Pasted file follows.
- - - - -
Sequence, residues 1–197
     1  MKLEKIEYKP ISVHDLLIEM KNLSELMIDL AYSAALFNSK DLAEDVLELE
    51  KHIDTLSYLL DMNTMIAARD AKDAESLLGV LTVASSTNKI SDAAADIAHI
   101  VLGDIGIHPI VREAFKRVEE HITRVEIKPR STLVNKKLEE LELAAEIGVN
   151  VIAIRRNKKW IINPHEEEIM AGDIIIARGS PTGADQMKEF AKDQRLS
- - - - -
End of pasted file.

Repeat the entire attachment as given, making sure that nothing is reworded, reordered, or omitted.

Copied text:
Sequence, residues 1–197
     1  MKLEKIEYKP ISVHDLLIEM KNLSELMIDL AYSAALFNSK DLAEDVLELE
    51  KHIDTLSYLL DMNTMIAARD AKDAESLLGV LTVASSTNKI SDAAADIAHI
   101  VLGDIGIHPI VREAFKRVEE HITRVEIKPR STLVNKKLEE LELAAEIGVN
   151  VIAIRRNKKW IINPHEEEIM AGDIIIARGS PTGADQMKEF AKDQRLS